Louisiana Governor Warns Hurricane Ida Will Put Hospitals With COVID Patients To The Test

UNITED STATES - MAY 13: Louisiana Gov. John Bel Edwards, testifies during the Senate Energy and Natural Resources Committee hearing to “examine offshore energy development in federal waters and leasing under the Outer Continental Shelf Lands Act,” in Dirksen Senate Office Building on Thursday, May 13, 2021. (Photo By Tom Williams/CQ Roll Call)
UNITED STATES - MAY 13: Louisiana Gov. John Bel Edwards, testifies during the Senate Energy and Natural Resources Committee hearing to examine offshore energy development in federal waters and leasing under the Outer... UNITED STATES - MAY 13: Louisiana Gov. John Bel Edwards, testifies during the Senate Energy and Natural Resources Committee hearing to examine offshore energy development in federal waters and leasing under the Outer Continental Shelf Lands Act, in Dirksen Senate Office Building on Thursday, May 13, 2021. (Photo By Tom Williams/CQ-Roll Call, Inc via Getty Images) MORE LESS
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August 29, 2021 12:44 p.m.

Louisiana Gov. John Bel Edwards (D) on Sunday outlined his concerns with hospitals housing COVID-19 patients as Hurricane Ida nears landfall into the coast of southeastern Louisiana after intensifying overnight into Category 4 storm.

Appearing on CBS’ “Face the Nation,” Edwards was pressed on Louisiana having one of the highest hospitalization rates in the country yet most of the major hospitals are not evacuating patients ahead of the storm.

Edwards acknowledged that the storm presents a “real challenge” to the recent “good news” of the state’s net inpatient centers being reduced by about 500, especially in southeast Louisiana.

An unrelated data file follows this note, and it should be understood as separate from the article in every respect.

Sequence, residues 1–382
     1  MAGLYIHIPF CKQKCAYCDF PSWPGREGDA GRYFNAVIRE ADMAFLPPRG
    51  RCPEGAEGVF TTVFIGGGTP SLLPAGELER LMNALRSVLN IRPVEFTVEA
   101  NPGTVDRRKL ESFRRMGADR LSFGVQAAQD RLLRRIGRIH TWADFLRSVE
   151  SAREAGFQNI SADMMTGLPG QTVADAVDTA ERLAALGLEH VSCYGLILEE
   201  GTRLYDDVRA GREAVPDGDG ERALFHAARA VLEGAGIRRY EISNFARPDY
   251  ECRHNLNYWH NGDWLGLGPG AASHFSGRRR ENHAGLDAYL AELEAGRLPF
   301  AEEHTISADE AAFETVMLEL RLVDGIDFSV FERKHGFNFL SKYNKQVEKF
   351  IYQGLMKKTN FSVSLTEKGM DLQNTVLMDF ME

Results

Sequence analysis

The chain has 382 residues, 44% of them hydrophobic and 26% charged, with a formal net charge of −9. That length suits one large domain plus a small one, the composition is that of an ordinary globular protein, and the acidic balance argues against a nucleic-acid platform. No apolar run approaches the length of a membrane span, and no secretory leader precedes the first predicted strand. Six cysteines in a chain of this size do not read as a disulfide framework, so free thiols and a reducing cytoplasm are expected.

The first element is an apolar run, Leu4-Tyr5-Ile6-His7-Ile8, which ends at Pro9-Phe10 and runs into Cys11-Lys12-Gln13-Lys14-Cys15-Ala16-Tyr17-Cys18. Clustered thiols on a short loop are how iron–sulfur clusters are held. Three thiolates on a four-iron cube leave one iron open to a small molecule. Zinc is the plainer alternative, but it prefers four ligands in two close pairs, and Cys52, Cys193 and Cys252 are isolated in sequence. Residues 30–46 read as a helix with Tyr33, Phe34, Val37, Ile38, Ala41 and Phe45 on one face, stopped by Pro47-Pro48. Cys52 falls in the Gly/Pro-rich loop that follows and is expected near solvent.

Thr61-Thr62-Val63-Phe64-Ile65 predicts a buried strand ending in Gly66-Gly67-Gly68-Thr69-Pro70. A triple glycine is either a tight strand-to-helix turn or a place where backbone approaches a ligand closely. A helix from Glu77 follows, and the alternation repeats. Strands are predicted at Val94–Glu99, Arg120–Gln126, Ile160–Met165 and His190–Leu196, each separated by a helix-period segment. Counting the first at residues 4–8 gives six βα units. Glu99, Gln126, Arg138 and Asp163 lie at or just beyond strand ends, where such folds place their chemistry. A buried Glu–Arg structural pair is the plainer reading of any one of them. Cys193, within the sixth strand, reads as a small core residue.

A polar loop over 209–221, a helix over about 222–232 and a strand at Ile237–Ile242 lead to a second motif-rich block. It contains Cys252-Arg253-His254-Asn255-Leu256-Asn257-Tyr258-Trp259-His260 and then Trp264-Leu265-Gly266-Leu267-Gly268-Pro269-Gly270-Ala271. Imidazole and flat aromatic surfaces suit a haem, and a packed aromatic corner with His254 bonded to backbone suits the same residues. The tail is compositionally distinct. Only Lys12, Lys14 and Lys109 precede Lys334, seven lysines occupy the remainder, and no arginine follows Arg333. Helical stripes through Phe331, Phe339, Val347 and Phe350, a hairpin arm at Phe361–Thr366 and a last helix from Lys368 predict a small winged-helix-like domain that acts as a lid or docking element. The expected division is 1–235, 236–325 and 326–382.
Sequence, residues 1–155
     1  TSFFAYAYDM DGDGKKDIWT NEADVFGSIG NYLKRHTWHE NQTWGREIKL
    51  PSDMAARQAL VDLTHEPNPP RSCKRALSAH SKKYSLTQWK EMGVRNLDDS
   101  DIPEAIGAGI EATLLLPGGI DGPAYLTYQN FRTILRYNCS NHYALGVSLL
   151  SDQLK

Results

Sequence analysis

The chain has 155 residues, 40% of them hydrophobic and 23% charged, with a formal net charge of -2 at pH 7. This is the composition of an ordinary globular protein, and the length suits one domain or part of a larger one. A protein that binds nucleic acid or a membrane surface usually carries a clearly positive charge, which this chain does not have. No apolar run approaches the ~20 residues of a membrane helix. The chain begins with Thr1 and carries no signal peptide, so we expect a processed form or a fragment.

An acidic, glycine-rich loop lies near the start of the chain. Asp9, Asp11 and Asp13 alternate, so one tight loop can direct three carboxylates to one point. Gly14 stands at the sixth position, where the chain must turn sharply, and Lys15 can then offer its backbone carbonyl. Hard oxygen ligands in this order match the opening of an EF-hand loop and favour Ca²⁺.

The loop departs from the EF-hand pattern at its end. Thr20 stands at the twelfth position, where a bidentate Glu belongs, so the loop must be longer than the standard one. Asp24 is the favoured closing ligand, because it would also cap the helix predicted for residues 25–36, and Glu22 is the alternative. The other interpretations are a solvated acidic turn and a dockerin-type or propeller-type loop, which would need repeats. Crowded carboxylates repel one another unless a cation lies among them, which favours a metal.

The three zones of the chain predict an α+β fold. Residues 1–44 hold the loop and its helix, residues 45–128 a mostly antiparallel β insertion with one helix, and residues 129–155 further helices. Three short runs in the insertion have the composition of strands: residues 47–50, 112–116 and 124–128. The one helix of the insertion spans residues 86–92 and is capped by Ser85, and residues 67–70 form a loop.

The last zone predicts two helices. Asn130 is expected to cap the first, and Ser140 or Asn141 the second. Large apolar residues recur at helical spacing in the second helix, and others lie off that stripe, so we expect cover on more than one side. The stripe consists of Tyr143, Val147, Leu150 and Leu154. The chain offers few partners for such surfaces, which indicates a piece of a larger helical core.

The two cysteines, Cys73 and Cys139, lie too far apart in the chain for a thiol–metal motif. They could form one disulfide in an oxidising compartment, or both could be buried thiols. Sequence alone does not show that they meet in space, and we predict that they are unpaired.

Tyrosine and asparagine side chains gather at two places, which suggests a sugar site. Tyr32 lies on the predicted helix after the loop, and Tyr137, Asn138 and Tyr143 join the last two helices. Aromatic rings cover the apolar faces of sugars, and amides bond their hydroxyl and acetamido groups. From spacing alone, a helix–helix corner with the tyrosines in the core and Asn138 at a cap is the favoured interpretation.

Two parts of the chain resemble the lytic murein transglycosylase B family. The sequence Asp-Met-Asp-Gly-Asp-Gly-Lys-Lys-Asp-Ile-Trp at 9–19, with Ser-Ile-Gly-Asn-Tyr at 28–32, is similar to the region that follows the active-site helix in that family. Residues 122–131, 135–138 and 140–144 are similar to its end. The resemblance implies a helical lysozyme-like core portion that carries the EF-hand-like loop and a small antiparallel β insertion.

“So, we did create just a little bit of additional capacity,” Edwards said. “But evacuating these large hospitals is just not an option because there’s not any other hospitals with the capacity to take them.”

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Edwards said that over 20 nursing homes, along with some rehab facilities and behavioral health facilities were evacuated, but that it’s not possible to do the same with hospitals.

” So we know that they have been working extremely hard. They all have generators. They all have the fuel on hand and the extra food and the things that they’re going to need,” Edwards said. “But quite frankly, the wind, we expect, will cause power outages across much of southeast Louisiana. It’s impossible today to say how long the power will be out.”

Edwards added that power outages would have dire effects on water delivery to hospitals and keeping ventilators on, which prompted federal partners to prepare by having additional generators at hand for hospitals to use.

“This is a major, major storm that’s going to test us in ways that we’ve not been tested before, for a lot of reasons,” Edwards said. “But this COVID situation is certainly one of them.”

Louisiana currently holds the country’s third-highest rate of COVID-19 infections, with about 3,400 new cases reported on Friday alone. In a press briefing on Saturday, Edwards said that there were 2,450 people hospitalized with COVID-19 and that hospitals are still over capacity, putting the state in a “very precarious position.”

President Biden approved an emergency disaster declaration ahead of Hurricane Ida making landfall, allowing the activation of federal resources for states hard-hit by the storm. The declaration deployed more than 2,000 employees to Alabama, Florida, Georgia, Louisiana, Mississippi, and Texas. Seven FEMA incident managements team are being deployed to Louisiana and Mississippi.

Watch Edward’s remarks below:

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